Nisha lives at the end of a row in the slums of Meethapur. Just beyond her house lie dusty fields interspersed with green pools of stagnant water, filled with rubbish. Dogs lie in the shade, trying to keep cool. We enter her home, and her mother brings over plastic chairs for us to sit on. As my eyes adjust to the shadows of the tiny room, the first thing I notice about Nisha, who is seated on the bed, is how thin she is. She is 18 years old, in the 12th class, but looks much younger. Originally from Buxar, in Bihar, she found out that she had TB when she was admitted to the hospital for a ruptured vein.

Her mother stands by throughout the interview. She has a regal quality that cannot be tempered by the harsh surroundings; I can tell that Nisha will inherit the same poise and elegance. It is clear that they have a close-knit family. When I ask how her family is with her TB, she says “they are great”. She considers herself lucky that her family is taking such good care of her. She knows of others who have left their children in orphanages and hospitals, or abandoned their parents in old-age homes when they develop TB. Her father, who works in a flower shop nearby in Kalkaji, does not earn much, but returns early every Monday, Wednesday, and Friday to take her to the OpASHA center. At the beginning, he had to carry her because she was too weak to leave her bed.

Nisha has been on treatment since March, and has not attended school since it began. She is well-educated and knows that she must take her medications on time, that she must eat a balanced diet, and about the precautions she must take to prevent the spread of the disease. Even though her neighbors know about her TB, she has not yet told her friends. She says that she talks to them on the phone almost every day, but that since the school is far away, and because she is not currently attending, her friends do not need to know.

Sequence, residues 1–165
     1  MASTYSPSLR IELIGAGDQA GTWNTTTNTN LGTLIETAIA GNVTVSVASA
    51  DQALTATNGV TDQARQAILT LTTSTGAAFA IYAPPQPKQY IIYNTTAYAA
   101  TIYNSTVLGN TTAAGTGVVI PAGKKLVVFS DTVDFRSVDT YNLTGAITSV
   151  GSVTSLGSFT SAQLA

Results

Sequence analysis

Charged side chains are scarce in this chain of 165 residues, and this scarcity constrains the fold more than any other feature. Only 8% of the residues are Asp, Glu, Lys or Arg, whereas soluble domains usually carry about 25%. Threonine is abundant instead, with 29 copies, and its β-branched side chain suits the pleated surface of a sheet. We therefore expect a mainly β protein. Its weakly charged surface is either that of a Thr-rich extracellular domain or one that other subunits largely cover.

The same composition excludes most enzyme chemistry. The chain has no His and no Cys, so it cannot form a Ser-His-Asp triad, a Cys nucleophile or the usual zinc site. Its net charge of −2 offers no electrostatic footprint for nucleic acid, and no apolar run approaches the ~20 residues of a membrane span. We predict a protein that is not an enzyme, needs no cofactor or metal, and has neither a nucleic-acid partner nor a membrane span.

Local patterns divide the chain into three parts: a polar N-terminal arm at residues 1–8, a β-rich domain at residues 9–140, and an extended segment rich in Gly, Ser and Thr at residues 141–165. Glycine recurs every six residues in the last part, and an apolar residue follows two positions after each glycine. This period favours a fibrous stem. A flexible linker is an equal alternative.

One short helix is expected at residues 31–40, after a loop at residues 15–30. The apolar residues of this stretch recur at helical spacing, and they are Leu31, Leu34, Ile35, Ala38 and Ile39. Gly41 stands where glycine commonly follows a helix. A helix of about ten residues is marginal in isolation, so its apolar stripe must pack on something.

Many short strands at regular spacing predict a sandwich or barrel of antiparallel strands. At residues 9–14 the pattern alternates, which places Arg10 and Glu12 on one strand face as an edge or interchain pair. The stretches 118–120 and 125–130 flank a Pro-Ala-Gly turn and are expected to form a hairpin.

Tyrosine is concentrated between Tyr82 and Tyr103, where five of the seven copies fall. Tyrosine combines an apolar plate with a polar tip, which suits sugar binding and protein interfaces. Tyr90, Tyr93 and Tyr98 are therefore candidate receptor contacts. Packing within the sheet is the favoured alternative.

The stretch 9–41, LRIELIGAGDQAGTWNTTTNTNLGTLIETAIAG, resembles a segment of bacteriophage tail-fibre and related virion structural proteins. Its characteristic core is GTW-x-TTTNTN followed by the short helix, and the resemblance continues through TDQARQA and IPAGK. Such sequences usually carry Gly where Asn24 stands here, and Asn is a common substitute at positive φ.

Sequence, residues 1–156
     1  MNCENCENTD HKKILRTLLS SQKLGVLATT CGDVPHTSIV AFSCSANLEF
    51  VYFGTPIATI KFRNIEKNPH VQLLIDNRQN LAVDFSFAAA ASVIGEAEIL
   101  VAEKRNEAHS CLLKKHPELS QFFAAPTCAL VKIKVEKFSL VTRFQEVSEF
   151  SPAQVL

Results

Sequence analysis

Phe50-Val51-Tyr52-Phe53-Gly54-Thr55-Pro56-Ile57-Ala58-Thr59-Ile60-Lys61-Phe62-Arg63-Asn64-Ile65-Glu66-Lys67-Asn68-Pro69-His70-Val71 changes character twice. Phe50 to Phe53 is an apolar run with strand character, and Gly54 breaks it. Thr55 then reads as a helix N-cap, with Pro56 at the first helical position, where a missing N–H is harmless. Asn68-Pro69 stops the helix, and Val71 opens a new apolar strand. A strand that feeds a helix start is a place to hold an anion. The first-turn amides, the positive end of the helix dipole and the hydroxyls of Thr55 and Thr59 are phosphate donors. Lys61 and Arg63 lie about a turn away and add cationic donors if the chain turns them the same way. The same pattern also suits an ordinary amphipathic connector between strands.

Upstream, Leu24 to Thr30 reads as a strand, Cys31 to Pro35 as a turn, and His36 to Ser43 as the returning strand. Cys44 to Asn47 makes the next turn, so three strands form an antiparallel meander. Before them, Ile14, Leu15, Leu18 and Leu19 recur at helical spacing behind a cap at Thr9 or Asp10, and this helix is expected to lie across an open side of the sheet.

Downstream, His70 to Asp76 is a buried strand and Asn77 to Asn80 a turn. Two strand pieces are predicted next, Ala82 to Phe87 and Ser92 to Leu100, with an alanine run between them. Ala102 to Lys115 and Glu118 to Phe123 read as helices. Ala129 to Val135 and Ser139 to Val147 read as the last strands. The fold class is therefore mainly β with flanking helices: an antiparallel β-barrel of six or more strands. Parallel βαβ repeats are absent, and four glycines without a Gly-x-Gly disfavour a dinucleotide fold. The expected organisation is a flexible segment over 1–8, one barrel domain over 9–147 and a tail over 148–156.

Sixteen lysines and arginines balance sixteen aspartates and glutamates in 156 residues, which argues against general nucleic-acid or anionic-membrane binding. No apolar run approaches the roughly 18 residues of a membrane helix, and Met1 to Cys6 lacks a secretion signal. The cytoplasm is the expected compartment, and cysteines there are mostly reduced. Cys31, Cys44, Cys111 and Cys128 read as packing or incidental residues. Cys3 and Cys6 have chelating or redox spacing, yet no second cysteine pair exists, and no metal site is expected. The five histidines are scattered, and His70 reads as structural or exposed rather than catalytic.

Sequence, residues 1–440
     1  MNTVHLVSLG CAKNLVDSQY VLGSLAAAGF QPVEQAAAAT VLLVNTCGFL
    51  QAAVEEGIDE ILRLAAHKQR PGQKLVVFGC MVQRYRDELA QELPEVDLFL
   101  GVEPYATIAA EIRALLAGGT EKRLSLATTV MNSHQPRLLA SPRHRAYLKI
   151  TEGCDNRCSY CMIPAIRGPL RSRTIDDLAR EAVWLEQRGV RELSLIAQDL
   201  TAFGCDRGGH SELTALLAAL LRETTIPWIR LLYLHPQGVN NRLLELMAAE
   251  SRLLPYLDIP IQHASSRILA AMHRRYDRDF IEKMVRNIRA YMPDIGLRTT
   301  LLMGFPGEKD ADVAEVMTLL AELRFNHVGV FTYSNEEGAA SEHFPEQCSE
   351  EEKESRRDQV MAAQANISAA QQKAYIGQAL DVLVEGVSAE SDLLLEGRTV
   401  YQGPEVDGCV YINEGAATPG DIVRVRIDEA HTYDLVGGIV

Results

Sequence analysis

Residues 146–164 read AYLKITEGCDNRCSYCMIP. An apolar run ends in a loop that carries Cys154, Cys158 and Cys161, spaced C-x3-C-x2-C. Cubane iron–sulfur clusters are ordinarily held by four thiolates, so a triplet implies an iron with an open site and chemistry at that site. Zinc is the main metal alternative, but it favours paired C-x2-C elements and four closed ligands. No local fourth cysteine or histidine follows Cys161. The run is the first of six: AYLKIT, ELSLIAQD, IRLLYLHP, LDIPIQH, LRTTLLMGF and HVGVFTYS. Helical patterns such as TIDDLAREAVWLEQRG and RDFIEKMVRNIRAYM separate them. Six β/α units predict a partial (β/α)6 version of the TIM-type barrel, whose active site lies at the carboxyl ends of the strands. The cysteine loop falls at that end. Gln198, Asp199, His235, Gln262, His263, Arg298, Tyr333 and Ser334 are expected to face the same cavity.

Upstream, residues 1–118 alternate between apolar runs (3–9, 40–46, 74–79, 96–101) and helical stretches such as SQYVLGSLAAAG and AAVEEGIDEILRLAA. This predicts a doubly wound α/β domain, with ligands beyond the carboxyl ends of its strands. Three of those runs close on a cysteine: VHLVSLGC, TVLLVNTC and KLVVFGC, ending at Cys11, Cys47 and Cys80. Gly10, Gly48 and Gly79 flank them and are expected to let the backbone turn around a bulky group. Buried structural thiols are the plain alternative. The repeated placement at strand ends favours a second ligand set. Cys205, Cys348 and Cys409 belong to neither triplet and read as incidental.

When I ask whether the treatment is difficult for her, she says “yes, it’s very hard”, and looks like she’s fighting back tears. She explains about the side effects she experiences as a result of the TB treatment: body spasms, locked joints, a burning sensation in her stomach when she takes her medications. But when I ask if she thinks it will improve, she nods and says it is getting better, and the tears disappear. She says she is becoming healthier, and does her best not to miss any doses so that she will be cured soon.

Once she gets better, Nisha tells me she wants to finish her schooling. When I ask if she wants to attend university, she immediately nods. She says that she would like to study English Honors. When I ask if she knows what kind of work she would like to do after university, she says she is unsure, but perhaps something with computers. I cannot help but agree with her choice: her English is superb, and it is obvious that she is a very bright young woman. As I leave, I thank her for telling me all of this, and tell her that she is very brave. And I mean it; she has a very bright future ahead of her, and it requires a lot of courage to fight the battle that she is faced with, but I fully believe that she, with her family’s support, can win.

Written by Hannah Wichmann, Photo by Prateek Ahuja

 

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